Session: MON 676-684-Central Regulation of Appetite & Feeding
Poster Board MON-684
Food restricted GHSR-KO (n=10) and wild-type (WT) rats (n=10) were trained to bar press on a fixed ratio 1 (FR1) schedule of reinforcement, followed by FR4, and finally a progressive ratio (PR) schedule for purified grain-based pellets. The procedure was repeated for purified chocolate-flavored, sugar, and high-fat chocolate pellets, respectively. We hypothesized that an absence of intact ghrelin signaling in KO rats would attenuate the amount of effort produced to obtain reinforcers, an effect that is likely to be exaggerated when the pellet is highly palatable. An analysis of the cost-benefit ratio as measured by breakpoint was conducted. Results show that while the KO and WT rats performed similarly to eachother on a PR schedule to obtain grain, chocolate flavor and high-fat chocolate pellets, when pressing for sugar pellets, the KO rats failed to increase their rate of bar pressing. Interestingly, both WT and KO rats exhibited less effort to obtain the high-fat chocolate reinforcer (though the amount of calories earned was comparable). In the presence of a sweet reinforcer the GHSR KO rat does not escalate its responding as is typical for a hungry animal. As sugar is known to be a highly palatable reinforcer, these results highlight that the absence of GHSR can influence the incentive value attributed to food rewards.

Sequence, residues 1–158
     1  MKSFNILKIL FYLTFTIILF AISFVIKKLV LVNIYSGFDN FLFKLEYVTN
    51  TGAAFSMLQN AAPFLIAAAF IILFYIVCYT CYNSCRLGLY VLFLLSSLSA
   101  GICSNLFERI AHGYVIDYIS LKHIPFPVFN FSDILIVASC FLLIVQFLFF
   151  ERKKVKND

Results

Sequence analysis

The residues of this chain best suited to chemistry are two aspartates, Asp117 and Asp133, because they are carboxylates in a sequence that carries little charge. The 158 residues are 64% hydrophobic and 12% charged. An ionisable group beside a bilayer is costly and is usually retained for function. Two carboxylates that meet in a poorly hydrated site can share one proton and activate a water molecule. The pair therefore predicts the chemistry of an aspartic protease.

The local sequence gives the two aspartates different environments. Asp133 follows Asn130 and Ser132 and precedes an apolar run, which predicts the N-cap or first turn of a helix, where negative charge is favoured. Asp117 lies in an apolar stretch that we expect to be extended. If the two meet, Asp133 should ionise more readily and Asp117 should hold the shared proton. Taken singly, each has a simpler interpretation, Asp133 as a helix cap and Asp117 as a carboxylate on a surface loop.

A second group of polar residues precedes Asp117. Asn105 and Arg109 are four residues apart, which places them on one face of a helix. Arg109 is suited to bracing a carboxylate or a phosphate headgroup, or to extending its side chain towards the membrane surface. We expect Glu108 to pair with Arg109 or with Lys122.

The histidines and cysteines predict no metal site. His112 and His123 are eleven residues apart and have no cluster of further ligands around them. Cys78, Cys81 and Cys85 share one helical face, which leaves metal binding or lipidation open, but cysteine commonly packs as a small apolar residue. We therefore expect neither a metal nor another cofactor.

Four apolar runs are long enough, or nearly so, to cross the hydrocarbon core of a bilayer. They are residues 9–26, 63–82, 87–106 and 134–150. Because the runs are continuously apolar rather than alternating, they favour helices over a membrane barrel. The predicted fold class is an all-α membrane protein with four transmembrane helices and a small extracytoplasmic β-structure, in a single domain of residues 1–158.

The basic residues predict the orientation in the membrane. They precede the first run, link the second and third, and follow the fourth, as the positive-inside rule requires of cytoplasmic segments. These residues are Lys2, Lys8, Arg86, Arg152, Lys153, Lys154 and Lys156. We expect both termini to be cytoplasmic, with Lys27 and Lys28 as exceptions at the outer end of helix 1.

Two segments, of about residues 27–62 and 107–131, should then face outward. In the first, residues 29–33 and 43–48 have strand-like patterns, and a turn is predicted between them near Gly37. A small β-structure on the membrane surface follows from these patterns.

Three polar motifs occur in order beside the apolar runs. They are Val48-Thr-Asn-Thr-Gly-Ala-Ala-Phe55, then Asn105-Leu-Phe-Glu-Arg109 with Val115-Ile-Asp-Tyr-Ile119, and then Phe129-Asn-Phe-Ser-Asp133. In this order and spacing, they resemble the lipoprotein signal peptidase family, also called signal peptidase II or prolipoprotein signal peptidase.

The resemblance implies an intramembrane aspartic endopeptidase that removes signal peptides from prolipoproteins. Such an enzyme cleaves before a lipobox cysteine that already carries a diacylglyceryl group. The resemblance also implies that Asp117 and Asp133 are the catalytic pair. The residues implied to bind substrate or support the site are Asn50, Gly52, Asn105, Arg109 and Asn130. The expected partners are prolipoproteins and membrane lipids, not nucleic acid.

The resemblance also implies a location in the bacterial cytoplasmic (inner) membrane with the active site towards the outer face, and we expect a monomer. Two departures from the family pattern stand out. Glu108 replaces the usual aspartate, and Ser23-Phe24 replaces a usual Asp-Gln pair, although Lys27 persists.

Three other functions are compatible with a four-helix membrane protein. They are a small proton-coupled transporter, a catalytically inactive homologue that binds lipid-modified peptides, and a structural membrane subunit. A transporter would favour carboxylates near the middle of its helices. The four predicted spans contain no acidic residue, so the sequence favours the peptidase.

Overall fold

Nothing to Disclose: SJK, LS, AA
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